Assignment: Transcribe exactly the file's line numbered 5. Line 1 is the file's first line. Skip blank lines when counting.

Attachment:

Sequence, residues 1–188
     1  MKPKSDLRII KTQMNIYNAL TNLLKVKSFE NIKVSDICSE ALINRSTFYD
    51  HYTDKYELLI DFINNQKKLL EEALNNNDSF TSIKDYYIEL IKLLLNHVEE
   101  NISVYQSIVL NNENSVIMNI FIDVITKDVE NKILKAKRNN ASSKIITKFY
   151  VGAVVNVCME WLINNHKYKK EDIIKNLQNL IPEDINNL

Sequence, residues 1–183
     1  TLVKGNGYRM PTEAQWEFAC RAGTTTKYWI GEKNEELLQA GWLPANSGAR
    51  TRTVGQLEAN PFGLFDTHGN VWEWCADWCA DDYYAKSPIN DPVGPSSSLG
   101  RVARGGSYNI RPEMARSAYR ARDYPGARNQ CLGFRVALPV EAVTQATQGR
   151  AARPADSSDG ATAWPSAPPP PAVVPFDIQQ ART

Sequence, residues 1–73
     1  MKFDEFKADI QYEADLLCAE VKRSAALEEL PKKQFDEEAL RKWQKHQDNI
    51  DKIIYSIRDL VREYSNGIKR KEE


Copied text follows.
   151  VGAVVNVCME WLINNHKYKK EDIIKNLQNL IPEDINNL